The jewellery is made from glass that is cut, assembled and then heated in a kiln to approximately 800 degrees Celsius and then cooled slowly to prevent cracking. The glass can be clear or opaque, plain or coloured, smooth or textured and may be treated in various ways to give different effects. Some colours are strikers, glass that only reveals its full colour after heating in the kiln.
Coloured glass has small amounts of metallic pigments that cause the colour that you see, dark blue glass comes from cobalt, gold causes a red coloration- hence red glass has always been more expensive and valued.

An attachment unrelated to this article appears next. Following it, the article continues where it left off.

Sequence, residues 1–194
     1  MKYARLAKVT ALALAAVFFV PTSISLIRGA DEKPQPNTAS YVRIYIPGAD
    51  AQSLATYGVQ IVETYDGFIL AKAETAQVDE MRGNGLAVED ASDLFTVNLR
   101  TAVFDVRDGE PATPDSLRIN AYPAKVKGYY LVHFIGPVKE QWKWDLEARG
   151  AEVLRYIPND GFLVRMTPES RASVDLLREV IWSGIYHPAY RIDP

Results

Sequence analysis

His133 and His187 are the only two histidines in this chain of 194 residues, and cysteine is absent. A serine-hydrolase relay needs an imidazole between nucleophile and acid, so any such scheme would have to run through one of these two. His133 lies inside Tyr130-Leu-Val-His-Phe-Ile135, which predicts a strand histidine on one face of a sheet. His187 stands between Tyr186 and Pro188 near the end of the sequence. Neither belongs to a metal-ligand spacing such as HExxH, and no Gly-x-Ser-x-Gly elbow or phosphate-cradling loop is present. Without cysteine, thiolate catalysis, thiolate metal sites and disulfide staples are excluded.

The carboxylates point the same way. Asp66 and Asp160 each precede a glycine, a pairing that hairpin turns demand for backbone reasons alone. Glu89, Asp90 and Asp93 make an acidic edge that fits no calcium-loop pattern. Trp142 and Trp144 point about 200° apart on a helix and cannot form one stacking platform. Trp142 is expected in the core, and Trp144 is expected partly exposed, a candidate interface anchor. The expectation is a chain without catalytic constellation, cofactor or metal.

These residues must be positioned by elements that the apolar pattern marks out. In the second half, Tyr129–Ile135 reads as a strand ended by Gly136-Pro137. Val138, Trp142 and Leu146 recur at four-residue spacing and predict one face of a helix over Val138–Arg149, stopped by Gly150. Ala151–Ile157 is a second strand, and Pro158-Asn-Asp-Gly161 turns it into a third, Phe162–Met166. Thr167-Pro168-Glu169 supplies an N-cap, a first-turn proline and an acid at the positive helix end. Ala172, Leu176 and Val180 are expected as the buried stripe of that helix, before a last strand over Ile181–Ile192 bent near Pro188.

The sparkle in jewellery often comes from the use of dichroic glass, consisting of a series of thin films deposited on glass, whilst inside a vacuum chamber.
The technique was developed to create a protective layer on windscreens for aircraft and spacecraft, but was rapidly seized on for decorative purposes by glassmakers. Dichroic glass has the property of having two colours (hence Di and Chroic) one for transmitted and one for reflected light and may give varying effects when viewed from different angles.
Dichroic coatings may also be plain, patterned, etched or deposited on clear or black glass and smooth or textured. The choice also is available to leave it on the surface of the glass where it forms a satin surface or to encase it under another glass, giving a more sparkly effect and a more 3D appearance.
Glass also comes as stringer - thin rods, and frit - crushed glass in 5 sizes which all give different effects. Metals can also be added to the glass, usually as foil or leaf, often gold, silver or copper